Lewis Hamilton is uncertain whether he will be able to challenge championship rival Sebastian Vettel for pole position in Monaco.
Hamilton, pictured, who is six points adrift of Vettel ahead of Sunday’s blue- riband race, roared to the top of the order in the opening practice session in the principality.
But as Vettel, and indeed the rest of the field, improved during yesterday’s second running, Britain’s triple world champion and his Mercedes team-mate Valtteri Bottas slid down the field.
Hamilton was only eighth in the reckoning, more than one second adrift of Vettel, while Bottas was even further back in 10th.
Championship leader Vettel ended a dominant session nearly half a second clear of Red Bull’s Daniel Ricciardo by recording the fastest lap ever seen in these parts.
Hamilton is one pole position shy of matching Ayrton Senna’s haul of 65 – 30 years after the Brazilian claimed his first of a record six victories at Monaco – but on yesterday’s evidence at least, he faces a tall order to emulate his childhood hero this weekend.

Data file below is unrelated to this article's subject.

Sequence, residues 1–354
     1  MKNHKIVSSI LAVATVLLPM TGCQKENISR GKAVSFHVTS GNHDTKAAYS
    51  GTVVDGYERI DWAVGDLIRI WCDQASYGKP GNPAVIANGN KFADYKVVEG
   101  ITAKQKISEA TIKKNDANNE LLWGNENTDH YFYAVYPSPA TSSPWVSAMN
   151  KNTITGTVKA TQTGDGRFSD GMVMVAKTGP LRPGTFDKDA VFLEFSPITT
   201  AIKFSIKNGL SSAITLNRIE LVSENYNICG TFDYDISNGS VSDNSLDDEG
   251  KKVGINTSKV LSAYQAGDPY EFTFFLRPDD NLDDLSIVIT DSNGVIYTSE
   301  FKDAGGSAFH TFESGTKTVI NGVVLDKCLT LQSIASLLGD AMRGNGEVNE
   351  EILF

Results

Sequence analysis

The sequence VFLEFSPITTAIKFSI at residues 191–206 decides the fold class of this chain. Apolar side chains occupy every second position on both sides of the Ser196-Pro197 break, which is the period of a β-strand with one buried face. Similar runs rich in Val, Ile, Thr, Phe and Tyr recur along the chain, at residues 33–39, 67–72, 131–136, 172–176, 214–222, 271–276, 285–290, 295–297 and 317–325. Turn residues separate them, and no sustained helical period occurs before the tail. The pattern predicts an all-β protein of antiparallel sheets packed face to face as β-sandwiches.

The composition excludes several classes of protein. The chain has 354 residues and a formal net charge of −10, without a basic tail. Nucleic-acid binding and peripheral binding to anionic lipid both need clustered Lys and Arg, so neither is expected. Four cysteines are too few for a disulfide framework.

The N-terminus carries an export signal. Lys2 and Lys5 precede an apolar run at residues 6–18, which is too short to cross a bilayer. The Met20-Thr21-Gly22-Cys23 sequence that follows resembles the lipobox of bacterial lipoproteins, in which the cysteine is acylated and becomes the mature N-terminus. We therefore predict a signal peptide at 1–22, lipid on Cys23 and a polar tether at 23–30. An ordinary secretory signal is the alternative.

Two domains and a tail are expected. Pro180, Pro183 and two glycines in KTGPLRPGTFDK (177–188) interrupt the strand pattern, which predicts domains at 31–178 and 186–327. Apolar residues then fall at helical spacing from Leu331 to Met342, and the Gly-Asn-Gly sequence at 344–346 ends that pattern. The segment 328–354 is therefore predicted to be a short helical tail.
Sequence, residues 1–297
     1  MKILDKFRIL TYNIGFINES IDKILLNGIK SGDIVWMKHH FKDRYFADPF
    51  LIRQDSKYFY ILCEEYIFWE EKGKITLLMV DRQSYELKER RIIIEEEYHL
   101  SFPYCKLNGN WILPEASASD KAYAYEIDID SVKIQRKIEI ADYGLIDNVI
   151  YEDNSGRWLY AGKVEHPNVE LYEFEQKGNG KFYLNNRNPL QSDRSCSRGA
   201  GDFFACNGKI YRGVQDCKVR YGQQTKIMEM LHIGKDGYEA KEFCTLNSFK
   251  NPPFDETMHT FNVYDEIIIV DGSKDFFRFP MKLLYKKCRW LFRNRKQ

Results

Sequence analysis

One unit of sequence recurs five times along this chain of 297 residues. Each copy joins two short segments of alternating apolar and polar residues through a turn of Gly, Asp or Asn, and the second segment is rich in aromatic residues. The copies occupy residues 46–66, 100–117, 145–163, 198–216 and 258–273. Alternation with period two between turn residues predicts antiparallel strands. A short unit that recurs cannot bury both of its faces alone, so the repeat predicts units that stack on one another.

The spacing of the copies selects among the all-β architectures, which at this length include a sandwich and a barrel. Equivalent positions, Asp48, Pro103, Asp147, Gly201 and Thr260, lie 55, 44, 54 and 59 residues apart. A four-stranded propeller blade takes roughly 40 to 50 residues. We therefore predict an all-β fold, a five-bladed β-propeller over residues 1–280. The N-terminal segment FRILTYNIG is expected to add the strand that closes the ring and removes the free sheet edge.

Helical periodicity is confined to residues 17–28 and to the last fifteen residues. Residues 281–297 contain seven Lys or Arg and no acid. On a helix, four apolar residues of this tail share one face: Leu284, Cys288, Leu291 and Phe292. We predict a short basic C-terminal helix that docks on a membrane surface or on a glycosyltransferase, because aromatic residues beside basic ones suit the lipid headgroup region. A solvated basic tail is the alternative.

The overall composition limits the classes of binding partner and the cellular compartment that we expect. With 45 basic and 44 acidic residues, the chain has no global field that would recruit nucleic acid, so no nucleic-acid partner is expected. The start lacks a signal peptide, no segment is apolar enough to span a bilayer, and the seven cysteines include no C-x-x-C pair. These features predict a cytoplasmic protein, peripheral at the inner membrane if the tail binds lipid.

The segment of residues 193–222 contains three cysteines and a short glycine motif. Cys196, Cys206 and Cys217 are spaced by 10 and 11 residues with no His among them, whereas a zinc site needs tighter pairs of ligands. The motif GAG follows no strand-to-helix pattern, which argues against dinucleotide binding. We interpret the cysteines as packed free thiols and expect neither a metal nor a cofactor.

“I have no idea whether we will be on the pace for qualifying,” Hamilton, 32, said. “I can’t explain it because I don’t understand it. We didn’t have the greatest day.
“Practice one was actually really good and we were the quickest, but then in second practice we just struggled to extract the grip from the tyres and we were sliding around a lot.
“I’m not sure why the tyres weren’t working, but the difference between the two sessions was night and day, black and white. We’ve got some work to do ahead of Saturday, that’s for sure.”
Hamilton’s former McLaren team-mate Jenson Button was back behind the wheel of a Formula One car for the first time this season yesterday.
The 2009 world champion called time on his grand prix career last season, but has been drafted back in by McLaren for a one-off appearance following Fernando Alonso’s exploits at the Indianapolis 500.
Button finished the day a respectable 12th, four hundredths of a second slower than Stoffel Vandoorne in the sister car.
Canadian rookie Lance Stroll, meanwhile, crashed into the wall on his first grand prix appearance at Monaco. Only his pride and Williams car were damaged in the incident.
Jolyon Palmer’s poor season took another sorry twist when his Renault engine expired early in the second session.